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Poster: Tidewater four ten O nine Date: Sep 12, 2012 3:18pm
Forum: GratefulDead Subject: Tape-flips (probably a stoopid question)

Here's one for the clever people, former/current tapers, Dead Head Monte, whatever:

How come there are (so many) tape-flips early on during shows (especially SBDs)?

E.G. I'm currently looking at (OK, I'm doing more than looking at it, but that's between me and the archive) Charlie Miller's 20th November 1978, Cleveland Music Hall #95660.

There's a tape-flip during "Looks Like Rain" - OK, many here don't like the track but I do, and the tape-flip might have been during one of YOUR favourites.......

This is only track #6 of a 20 track show - the rest is flip-free (OK, #95660 comes from multiple sources, but you know what I mean). Maybe 'they' changed tapes between set one and set two but 'they' were able to go the whole second set without interruption.

So, why the early tape-flip? Didn't 'they' (whoever 'they' were) load enough tape to cover the entire first set or whole show? If the Dead were taping all their shows, either for posterity or for possible future releases, wouldn't they start with a fresh tape rather than the dog end of a previous one? Similarly, if a taper was going to go to all the trouble of getting his gear into a show, wouldn't he do a proper job by starting with a fresh tape?

#2

Also, many shows here (SBD & matrix) start with quite a loud 'Crowd/Tuning' track which is then followed by a significantly more subdued opening music track. Why the drop in volume? Surely the technically gifted amongst us could have equalized the two? There's probably more to it than that.

Apologies if these are stupid questions: I'll stop asking them when I know everything. Then again, if there's one thing I do know it's that I'll never know everything.



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Poster: light into ashes Date: Sep 12, 2012 11:22pm
Forum: GratefulDead Subject: Re: Tape-flips (probably a stoopid question)

Since that cut is 40-some minutes into the show, it's a natural place for a tapeflip. You can probably find shows with earlier flips, though.
The Dead taped on both cassettes & reels... Cassette flips would generally be at 45 minutes (though Bear used some 120-minute tapes early on) - reel flips could vary (depending on the length & speed of the reel), but I think the Dead's reel usage was pretty standard, taping at 7.5 ips to get less than 50 minutes a side.
Though they could have used longer reels/slower speeds to get more music per side, this would mean a drop in quality... Crew tapers like Betty & Kidd would not have liked that.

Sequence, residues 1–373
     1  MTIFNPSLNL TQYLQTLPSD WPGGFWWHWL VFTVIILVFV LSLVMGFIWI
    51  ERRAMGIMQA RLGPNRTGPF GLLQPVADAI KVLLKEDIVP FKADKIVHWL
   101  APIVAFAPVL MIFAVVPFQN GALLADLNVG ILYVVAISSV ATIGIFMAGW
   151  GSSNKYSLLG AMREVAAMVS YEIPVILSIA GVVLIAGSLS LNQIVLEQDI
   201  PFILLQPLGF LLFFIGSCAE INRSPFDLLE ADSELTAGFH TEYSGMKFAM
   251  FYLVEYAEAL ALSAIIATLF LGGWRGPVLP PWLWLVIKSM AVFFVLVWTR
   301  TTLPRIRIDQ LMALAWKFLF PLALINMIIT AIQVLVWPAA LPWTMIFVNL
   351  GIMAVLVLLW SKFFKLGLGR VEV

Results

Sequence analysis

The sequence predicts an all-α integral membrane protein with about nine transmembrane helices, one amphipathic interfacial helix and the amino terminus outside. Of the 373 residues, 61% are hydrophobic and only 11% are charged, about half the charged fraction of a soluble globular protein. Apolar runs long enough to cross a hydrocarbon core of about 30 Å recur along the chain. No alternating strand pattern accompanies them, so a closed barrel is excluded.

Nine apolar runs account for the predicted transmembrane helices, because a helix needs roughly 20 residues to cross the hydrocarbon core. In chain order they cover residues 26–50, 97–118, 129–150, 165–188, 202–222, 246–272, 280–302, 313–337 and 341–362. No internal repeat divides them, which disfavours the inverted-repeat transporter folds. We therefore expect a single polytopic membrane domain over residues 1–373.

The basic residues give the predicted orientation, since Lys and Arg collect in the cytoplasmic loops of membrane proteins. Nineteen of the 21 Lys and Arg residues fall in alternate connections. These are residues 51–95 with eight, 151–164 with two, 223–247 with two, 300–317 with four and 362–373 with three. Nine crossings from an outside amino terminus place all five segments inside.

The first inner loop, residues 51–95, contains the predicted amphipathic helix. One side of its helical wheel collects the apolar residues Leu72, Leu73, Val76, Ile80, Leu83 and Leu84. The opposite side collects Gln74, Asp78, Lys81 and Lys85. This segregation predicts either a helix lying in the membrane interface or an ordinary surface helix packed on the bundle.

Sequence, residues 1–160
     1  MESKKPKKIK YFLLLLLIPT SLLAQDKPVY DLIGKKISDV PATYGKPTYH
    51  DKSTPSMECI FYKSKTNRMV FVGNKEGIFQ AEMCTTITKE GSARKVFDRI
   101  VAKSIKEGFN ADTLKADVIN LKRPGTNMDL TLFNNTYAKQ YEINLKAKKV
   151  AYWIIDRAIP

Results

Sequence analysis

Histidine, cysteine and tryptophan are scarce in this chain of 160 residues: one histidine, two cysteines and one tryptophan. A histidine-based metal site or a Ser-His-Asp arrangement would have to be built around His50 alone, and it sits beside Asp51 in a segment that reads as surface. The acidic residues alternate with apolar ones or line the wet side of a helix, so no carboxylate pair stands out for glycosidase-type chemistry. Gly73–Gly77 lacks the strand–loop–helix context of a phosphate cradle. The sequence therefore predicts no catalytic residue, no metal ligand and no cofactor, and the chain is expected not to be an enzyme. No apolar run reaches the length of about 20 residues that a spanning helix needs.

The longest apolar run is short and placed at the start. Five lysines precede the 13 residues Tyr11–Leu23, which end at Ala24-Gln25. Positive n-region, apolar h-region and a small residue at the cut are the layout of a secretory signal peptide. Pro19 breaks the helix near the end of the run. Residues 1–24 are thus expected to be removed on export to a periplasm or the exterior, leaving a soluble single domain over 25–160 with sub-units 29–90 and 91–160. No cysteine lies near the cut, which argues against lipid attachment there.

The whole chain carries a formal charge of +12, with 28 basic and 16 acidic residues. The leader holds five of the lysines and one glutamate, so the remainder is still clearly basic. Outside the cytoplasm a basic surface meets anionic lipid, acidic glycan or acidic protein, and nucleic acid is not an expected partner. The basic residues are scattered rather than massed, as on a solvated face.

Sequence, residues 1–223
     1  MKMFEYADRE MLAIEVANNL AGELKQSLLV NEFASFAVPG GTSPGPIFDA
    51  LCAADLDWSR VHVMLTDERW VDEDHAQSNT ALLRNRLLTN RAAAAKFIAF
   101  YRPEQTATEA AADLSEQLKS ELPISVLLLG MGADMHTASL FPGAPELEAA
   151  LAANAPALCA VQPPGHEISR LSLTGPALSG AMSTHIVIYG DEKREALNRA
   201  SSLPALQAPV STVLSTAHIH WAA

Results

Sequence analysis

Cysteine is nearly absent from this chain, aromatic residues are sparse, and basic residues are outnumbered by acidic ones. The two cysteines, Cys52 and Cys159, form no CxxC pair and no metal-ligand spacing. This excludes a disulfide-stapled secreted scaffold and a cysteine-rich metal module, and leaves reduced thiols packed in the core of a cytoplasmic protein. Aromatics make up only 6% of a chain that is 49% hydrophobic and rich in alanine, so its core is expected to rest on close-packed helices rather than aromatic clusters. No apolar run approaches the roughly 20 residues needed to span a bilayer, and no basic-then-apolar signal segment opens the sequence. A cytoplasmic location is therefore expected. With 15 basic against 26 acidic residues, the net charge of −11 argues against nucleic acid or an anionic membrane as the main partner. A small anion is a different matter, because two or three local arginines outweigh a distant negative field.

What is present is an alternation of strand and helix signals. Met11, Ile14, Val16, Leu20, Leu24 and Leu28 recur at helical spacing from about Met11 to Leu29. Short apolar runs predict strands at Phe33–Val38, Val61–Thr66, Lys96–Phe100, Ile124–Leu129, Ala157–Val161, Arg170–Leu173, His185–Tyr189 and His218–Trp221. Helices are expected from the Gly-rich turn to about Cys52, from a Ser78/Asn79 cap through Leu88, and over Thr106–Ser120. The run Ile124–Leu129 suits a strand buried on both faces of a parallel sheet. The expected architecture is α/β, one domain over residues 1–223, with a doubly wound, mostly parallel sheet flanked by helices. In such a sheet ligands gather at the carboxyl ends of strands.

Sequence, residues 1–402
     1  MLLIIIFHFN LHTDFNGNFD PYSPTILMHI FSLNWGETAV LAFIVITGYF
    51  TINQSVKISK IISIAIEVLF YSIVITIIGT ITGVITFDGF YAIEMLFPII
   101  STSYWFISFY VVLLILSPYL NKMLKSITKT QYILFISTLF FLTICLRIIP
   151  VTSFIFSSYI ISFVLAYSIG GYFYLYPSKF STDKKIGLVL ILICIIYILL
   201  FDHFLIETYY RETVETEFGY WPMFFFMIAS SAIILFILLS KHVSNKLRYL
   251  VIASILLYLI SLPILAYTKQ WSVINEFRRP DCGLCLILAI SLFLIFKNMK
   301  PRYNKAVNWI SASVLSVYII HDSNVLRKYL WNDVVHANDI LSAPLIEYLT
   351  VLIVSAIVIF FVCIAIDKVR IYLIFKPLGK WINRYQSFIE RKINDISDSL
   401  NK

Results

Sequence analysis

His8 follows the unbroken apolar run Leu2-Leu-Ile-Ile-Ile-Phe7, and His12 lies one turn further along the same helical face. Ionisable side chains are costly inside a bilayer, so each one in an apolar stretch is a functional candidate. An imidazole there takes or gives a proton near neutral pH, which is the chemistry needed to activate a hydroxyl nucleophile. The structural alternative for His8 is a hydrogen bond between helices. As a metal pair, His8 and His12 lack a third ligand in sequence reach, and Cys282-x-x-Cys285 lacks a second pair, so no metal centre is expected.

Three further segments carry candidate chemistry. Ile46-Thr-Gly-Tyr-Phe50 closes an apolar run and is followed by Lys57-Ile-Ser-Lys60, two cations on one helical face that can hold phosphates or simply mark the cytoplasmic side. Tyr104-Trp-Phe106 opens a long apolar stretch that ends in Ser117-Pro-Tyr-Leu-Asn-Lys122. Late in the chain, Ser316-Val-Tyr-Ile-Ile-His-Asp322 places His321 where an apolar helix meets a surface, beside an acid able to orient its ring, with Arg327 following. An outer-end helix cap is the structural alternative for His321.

At the time the Dead were not interested in using these tapes for posterity or future releases. The crew took no care whatsoever in making sure to flip between songs, in dull moments, etc....the side ended when it ended. (In the early '70s, that generally means, in the middle of some long jam...)
Fortunately by the '70s they were expert at doing quick flips. In Bear's early days (lots of '69 shows) there are HUGE gaps of several minutes where he must not have noticed the side had ended.

I guarantee no source got the whole second set without interruption in the '70s. It just sounds that way due to the magic of patching different sources together.
One thing the Dead's crew sometimes did (starting with Bear) was to tape on both reel & cassette, and the flips would come in different places. That's perhaps why you see something like 11/20/78 with different SBD sources, instead of just one.

I think the Dead's crew generally did start a new reel with each show, but there may be exceptions - someone might not have wanted a blank half-reel to go to waste...
As for audience tapes, accidents could happen! Unexpected stoppages could happen anywhere.

#2 - volume changes could be equalized by Archive uploaders, yes... Maybe some prefer to leave the levels as they are. Usually I imagine tapers changed the levels once the music started & they saw where the peaks were.
Worst case of this is the SBDs of the Wall of Sound shows where the Dead crew didn't set any levels til, say, the middle of the first song, and you gradually hear different instruments come in... Didn't sound like that at the show!

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Poster: ll rain Date: Sep 12, 2012 6:14pm
Forum: GratefulDead Subject: Re: Tape-flips (probably a stoopid question)

The reason there is a tape flip in LL Rain is because it's right around the 40 minute mark. In 1978 I imagine there were only 90 minute tapes. I know in the mid 1980's they started having 110 minute tapes. But most tapers used 90 minute tapes.

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Poster: Tidewater four ten O nine Date: Sep 12, 2012 7:25pm
Forum: GratefulDead Subject: Re: Tape-flips (probably a stoopid question)

Thanks, but I'm not convinced. I've seen photos of Dead Head Monte's 'reel-to-reel' recorder and I'm sure that this (and others) could go for more than 40 minutes.